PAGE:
In 1970 just before I started my own company City Life I worked for Pat Dineen a very successful financial adviser. One of Pat’s strongpoints was that he saw the big picture. He was also a very good salesman/business negotiator and a good delegator. I got some excellent training watching Pat in action.
He was a great man to ask for business and to look for it on a grand scale. To give you an idea how he worked.
He could see at that time that the corner shop was changing and that franchise type supermarkets chains were being developed. He could see that this was creating long term business opportunities for the shop owners and instead of calling to individual stores unannounced he made contact with the franchise operator and created a pension plan in their name.
One of the groups at that time was the VG chain of supermarkets and so Pat had discussions with the group owners and designed the VG Pension Plan for all their supermarket owners.
My job as a young 24 year old was to call to supermarkets in the Cork, Kerry and Tipperary areas and try to get them to start saving some money on a regular basis for their retirement.
I can still remember sitting in my blue Ford Anglia (second hand) company car parked outside the supermarket trying to pluck up the courage to leave the car to call to the shop owner who I had never met before. I was really nervous and afraid of my business proposal being rejected.
I found then as I have found so often since that by and large people are really pleased to be asked for business and will do business with us if what we say makes sense to them and if they have the money to do the business with us at that time. Probably because I was young and nervous a good few of them did business with me out of kindness. I will forever be grateful to them as they gave me a little confidence to continue to work in this wonderful business.
I can remember having a chat with a good friend Norman Coleman, who at that time worked with my wife Mary in Bank of Ireland Finance. Norman was one the best finance salesmen I ever met. You would ask him for a loan for a car or a business or a horse or whatever and Norman would have the cheque made out to you before you had even formally applied for it. You would ask him what the interest rate would be and he would have his elbow over the cost of the loan repayments and the small print, and he would say “don’t mind that stuff just sign here”!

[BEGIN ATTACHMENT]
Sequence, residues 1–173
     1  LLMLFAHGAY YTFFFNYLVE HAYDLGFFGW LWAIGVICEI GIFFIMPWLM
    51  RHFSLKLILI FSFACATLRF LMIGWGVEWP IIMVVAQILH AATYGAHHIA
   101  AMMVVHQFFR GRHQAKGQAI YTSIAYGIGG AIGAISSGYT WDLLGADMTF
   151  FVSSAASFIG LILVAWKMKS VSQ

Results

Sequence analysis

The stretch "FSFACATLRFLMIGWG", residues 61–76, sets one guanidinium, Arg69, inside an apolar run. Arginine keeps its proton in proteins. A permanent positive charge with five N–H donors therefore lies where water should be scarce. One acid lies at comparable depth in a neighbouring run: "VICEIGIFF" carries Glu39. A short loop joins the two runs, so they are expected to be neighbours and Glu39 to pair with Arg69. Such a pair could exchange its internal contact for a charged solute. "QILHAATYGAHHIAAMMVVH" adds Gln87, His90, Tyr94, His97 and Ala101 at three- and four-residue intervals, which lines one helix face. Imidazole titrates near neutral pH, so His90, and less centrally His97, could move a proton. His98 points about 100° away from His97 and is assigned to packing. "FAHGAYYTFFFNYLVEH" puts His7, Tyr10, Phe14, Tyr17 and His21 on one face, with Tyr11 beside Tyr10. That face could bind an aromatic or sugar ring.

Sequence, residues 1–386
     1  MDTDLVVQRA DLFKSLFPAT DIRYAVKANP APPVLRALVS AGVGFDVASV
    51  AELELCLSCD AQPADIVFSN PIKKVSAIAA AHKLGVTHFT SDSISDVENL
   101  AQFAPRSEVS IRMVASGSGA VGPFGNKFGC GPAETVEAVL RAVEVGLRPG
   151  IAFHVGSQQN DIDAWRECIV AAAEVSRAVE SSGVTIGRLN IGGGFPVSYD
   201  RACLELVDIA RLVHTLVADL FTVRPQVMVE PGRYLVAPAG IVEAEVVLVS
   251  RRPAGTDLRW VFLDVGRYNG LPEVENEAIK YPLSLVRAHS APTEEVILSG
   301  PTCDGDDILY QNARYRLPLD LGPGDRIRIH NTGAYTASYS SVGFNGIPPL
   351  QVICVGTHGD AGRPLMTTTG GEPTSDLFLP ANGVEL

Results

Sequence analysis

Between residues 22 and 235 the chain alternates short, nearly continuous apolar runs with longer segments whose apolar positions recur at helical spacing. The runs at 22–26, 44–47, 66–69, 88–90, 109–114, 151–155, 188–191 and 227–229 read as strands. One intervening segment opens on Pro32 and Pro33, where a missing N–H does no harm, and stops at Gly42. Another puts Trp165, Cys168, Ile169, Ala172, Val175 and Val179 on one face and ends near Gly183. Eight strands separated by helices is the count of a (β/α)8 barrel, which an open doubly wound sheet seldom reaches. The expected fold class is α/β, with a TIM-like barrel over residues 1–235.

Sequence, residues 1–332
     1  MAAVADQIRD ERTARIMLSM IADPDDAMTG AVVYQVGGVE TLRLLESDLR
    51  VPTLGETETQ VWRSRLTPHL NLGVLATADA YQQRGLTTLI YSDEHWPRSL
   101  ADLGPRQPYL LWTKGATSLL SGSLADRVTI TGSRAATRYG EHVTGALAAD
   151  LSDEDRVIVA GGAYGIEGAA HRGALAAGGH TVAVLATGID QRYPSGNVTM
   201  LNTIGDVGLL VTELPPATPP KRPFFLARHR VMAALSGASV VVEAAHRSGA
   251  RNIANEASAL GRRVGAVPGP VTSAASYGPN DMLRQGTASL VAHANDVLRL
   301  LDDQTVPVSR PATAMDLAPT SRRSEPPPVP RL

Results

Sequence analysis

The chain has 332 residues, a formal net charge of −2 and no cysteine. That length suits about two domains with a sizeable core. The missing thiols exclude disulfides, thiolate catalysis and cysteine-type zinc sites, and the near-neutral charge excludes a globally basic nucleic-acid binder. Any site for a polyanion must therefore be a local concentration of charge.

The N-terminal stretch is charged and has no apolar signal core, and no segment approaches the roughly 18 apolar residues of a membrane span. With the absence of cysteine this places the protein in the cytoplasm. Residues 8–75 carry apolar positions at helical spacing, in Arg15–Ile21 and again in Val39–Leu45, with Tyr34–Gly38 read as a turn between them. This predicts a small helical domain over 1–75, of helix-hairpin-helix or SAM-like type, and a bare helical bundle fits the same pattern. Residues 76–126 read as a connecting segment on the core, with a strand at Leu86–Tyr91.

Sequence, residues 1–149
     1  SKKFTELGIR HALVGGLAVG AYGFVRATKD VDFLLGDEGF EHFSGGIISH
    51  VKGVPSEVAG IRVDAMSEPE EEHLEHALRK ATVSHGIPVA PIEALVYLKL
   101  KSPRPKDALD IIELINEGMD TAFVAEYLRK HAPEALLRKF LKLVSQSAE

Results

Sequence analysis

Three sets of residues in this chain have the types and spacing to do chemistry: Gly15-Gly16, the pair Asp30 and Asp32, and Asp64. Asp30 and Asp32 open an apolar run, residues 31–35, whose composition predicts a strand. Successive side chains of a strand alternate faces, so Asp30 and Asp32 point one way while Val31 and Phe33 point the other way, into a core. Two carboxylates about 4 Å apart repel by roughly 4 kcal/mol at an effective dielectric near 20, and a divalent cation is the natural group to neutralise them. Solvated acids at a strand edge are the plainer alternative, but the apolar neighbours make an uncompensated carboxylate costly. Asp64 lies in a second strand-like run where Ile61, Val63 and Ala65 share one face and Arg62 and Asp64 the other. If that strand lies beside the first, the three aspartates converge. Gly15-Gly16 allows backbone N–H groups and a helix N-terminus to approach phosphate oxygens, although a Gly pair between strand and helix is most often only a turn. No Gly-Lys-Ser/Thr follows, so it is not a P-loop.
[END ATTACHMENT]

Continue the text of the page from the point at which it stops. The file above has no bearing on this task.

I trusted him and I knew he had to make a profit too!
Norman often said to me that people like to be asked to do business but naturally there will be many times that business will not be done at that time. There might be no spare cash, they might be doing business with someone else just then but in many situations even if business is not done at that time, by keeping in touch it is very common in my experience, that business will often happen later on and this can be very satisfying.
In other words he was saying, don’t beat yourself up if someone doesn’t do business with you right now as there probably is a good reason. Keep in touch but don’t annoy! He used to say that asking for business is like throwing pebbles into a lake. The ripples move out in ever increasing circles and you never know where they will finish.
Last week I did some business with a man who I contacted first when the five year government savings plan was introduced in Ireland in 2001. I met with his accountant at that time and made a few suggestions. No business was done then but I kept in touch. Last week’s cheque received from that same accountant on his behalf took a very long time to come but when the business eventually landed it was enormously satisfying.
Keep looking for business…….people like to be asked!
Ted Dwyer Family Business